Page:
Juliet Escoria on Writing a Novel With No Redemptive Lesson at the End
In Conversation with Brad Listi on Otherppl
Juliet Escoria is the guest. Her debut novel, Juliet the Maniac, is available from Melville House. It was the official May pick of The Nervous Breakdown Book Club. This is Juliet’s second time on the program. She first appeared in Episode 273 on April 30, 2014.
She also wrote the short story collection Black Cloud, which was originally published in 2014 by Civil Coping Mechanisms. Witch Hunt, a collection of poems, was published by Lazy Fascist Press in 2016.
She was born in Australia, raised in San Diego, and currently lives in West Virginia.
From the episode:
Juliet Escoria: It’s kind of funny why people are so obsessed with categorization and knowing what label to put on things, which seems strange to me. I also feel like we don’t always do that. With poetry, no one asks me whether this is true or not when I wrote a poetry book, but once you have more pages and more words people want to know what it is. I didn’t think about it too much in the moment of it. Writing it seemed like always a novel to me for whatever reason. I think I like reading novels more, and I like writing when I’m telling myself it’s fiction more. All of the facts in the book are true, but it’s certainly a novel. There is too much made up to call it a memoir.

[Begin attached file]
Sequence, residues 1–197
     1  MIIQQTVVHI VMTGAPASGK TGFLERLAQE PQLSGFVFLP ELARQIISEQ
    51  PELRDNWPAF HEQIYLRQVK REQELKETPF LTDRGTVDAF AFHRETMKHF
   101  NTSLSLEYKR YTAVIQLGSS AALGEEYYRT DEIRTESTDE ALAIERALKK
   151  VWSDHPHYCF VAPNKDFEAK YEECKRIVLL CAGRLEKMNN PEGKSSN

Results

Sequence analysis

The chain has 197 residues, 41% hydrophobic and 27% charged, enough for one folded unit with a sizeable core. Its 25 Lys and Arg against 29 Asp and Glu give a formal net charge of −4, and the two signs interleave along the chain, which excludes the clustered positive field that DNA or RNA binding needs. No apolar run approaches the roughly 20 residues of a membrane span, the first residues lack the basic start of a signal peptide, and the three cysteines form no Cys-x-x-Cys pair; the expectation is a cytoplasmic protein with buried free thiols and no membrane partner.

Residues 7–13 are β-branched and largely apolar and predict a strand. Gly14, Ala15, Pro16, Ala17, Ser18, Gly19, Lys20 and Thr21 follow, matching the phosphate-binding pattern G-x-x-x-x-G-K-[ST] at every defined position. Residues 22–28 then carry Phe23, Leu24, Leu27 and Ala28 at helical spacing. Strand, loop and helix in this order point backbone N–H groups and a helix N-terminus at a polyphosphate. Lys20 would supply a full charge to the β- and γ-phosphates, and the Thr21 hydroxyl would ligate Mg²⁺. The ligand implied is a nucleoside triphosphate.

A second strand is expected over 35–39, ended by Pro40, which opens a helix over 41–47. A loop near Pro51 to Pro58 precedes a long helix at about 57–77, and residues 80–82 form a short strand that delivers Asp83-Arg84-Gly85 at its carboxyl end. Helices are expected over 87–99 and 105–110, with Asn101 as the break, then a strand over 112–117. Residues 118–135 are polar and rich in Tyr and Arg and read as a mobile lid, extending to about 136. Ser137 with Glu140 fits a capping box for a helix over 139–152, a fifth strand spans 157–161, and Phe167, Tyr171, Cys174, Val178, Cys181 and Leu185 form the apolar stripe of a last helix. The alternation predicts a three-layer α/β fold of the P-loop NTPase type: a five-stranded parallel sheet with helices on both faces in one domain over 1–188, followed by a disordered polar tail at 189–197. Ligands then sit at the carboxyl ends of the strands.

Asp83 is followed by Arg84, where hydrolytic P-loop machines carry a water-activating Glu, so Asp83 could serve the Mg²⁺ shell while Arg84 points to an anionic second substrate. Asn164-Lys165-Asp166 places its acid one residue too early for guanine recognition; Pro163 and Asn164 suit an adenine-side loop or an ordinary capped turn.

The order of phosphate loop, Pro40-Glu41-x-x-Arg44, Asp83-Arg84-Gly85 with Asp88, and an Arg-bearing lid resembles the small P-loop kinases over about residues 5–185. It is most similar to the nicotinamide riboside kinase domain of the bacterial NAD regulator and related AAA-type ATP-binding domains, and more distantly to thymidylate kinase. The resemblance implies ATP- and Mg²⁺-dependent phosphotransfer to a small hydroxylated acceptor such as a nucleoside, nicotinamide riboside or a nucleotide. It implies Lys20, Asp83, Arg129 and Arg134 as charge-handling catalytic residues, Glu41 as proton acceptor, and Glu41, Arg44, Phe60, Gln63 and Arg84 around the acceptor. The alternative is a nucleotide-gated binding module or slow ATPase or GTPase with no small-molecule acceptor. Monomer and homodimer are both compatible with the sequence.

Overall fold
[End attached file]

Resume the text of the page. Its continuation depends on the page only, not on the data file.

Brad Listi: One of the things that I read you mentioned in an interview was that by writing it as a novel you didn’t feel the pressure on you to create a lesson or a point, which seems to be a feature of the memoir.
Escoria: I might have a closed-in opinion on memoirs—or at least the perception of them—but I do feel like a memoir implies that you learn something. I definitely did learn something by my experiences, but that wasn’t what I was interested in. Writing about what I wanted to write about—what it was like to be a teenager, being completely overwhelmed and not knowing what is going on, and feeling attacked by yourself—was really disorienting. That seemed really interesting to write about. Having some lesson there seemed to erase the point, if I was pressured to put a lesson on it.
Listi: I’ve been wrestling with this myself, and I’m hesitant to be too assertive about earned opinions because they are so fluid. I’ve been trying to write a “memoir” or maybe auto-fiction, but I’m like I don’t want to write another victim narrative where I am the hero and I triumph. I don’t feel like that.
Escoria: At least in my experience of difficult things, it’s not an easy opinion to come around to when you feel different about it in different years. I feel about the treatment that I had—some of it terrible, some of it wonderful—but I think that the majority of the people that worked with me were just trying their best with what they had at the time. Trying to come up with some hypothesis on it seems pointless to me.